Panic ensued and I screamed for my mom who was outside doing some yard work. I struggled to get the words out but managed to get out a few simple syllables, "MOM! HELP!" I couldn't hold myself up any longer, so I laid face down in the carpet, drooling on myself trying to get out a few more pleading screams to my mom. I knew that she heard me but was frantically running around the house, trying to find where I was yelling from. Lying there, the seconds seemed like hours, and terrifying thoughts crossed my mind. I knew that I was having a stroke and could form clear enough thoughts to think that the worst would happen. I was going to be paralyzed, wouldnt be able to speak, and would be stuck in a wheelchair for the rest of my life. I was only 29 years old, how was this happening to me? Especially after all that I had gone through, this was supposed to be my year of fun, damn it.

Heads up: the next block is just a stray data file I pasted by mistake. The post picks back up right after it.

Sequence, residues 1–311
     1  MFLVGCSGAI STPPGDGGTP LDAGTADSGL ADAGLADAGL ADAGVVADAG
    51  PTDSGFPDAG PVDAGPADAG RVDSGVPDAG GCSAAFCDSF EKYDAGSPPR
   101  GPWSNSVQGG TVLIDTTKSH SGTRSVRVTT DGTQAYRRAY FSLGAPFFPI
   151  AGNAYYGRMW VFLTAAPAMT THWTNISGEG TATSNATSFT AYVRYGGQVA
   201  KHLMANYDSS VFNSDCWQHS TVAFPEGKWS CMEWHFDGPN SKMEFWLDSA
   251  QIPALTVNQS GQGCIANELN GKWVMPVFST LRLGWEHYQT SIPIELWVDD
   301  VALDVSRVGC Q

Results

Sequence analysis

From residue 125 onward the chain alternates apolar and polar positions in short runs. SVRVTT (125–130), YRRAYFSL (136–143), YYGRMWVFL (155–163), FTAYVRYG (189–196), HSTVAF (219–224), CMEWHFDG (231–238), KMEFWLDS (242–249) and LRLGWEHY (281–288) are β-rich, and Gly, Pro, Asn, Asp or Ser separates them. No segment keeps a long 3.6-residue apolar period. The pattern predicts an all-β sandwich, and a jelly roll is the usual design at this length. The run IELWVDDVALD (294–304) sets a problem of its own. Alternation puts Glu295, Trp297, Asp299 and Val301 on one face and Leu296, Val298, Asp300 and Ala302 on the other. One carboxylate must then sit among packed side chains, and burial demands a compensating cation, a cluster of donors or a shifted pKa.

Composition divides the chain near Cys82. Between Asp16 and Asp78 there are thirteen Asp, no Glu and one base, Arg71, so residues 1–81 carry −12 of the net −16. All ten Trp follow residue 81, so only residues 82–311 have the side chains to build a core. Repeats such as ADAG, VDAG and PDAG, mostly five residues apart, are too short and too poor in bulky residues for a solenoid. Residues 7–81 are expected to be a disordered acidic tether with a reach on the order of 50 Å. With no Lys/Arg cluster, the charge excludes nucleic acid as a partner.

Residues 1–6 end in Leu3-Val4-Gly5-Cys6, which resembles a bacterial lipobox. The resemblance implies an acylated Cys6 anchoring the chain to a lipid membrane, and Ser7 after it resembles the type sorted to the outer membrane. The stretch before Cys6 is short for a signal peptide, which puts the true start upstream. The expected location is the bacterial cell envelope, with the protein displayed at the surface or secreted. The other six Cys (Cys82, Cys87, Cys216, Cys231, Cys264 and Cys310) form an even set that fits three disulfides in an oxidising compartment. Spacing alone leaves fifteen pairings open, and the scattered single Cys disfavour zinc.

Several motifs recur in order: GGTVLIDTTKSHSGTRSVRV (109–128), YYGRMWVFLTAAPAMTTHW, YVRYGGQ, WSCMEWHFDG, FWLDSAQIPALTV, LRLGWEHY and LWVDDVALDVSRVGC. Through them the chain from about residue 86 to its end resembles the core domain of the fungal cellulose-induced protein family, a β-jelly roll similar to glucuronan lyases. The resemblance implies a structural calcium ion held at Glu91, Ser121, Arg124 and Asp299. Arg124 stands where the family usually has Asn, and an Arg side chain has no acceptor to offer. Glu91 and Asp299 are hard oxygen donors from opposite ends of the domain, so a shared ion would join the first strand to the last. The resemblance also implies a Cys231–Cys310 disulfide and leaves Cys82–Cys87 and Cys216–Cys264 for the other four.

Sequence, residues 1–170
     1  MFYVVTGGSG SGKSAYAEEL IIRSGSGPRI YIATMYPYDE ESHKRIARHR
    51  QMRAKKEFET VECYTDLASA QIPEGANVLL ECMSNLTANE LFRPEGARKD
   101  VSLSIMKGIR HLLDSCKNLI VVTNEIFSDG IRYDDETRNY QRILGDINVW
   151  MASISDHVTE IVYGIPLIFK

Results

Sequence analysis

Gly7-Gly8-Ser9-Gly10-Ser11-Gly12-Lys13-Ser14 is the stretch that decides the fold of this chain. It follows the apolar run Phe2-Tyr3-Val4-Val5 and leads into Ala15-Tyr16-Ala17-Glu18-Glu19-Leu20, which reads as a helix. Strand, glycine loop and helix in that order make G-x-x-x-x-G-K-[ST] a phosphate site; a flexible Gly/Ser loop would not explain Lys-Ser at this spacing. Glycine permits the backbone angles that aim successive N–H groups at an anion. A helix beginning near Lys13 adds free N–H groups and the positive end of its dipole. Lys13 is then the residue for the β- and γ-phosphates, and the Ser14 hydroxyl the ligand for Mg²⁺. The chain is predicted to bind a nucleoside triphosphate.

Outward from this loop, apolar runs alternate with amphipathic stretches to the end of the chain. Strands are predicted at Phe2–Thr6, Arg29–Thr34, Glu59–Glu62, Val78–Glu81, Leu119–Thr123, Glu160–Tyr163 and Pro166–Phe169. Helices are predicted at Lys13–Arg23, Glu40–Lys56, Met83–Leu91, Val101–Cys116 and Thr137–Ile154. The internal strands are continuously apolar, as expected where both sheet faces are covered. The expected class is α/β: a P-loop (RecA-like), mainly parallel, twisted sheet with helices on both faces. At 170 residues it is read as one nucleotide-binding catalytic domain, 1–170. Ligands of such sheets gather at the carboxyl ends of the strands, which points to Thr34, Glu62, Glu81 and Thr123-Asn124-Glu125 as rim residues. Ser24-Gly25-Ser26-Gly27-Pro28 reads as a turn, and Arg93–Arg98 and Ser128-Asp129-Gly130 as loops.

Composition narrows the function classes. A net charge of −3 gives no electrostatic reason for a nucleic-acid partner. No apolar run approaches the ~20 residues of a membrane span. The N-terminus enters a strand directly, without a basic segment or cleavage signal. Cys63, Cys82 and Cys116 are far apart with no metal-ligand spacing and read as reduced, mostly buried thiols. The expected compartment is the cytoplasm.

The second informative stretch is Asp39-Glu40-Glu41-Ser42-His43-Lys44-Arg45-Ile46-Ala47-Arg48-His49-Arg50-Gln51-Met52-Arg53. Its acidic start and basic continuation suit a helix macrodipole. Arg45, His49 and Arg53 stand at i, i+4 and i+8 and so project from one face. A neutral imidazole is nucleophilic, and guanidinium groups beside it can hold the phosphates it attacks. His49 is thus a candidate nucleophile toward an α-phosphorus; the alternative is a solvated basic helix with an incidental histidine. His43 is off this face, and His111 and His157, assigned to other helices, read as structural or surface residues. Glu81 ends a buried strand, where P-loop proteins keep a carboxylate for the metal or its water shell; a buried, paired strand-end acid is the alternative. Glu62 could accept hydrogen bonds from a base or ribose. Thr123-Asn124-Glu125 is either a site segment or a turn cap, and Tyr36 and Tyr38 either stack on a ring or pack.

My mom made her way to me and I could see the fear in her eyes. She looked at me and asked me to smile, begged for me to speak, anything that I could do to let her know that I was consious. Looking back, I know that my mom also knew what was happening to me. She is a smart woman and her asking me to smile is one of the first steps in diagnosing a stroke. She bravely pulled herself together and quickly called 911 and then phoned my sisters who were all out of the house. One by one my sisters arrived, beating even the paramedics to the door. Having gone through so many ambulance calls with our father's sickness, I knew that they were devastated having to witnesses this and relive so many painful memories. Finally, the ambulace crew arrived and the proceeded to ask me questions. I was able to tell them what had happened although every word was difficult to say. As the minutes passed, my head pain grew, my nausea increased, and even worse my right arm began to go more numb.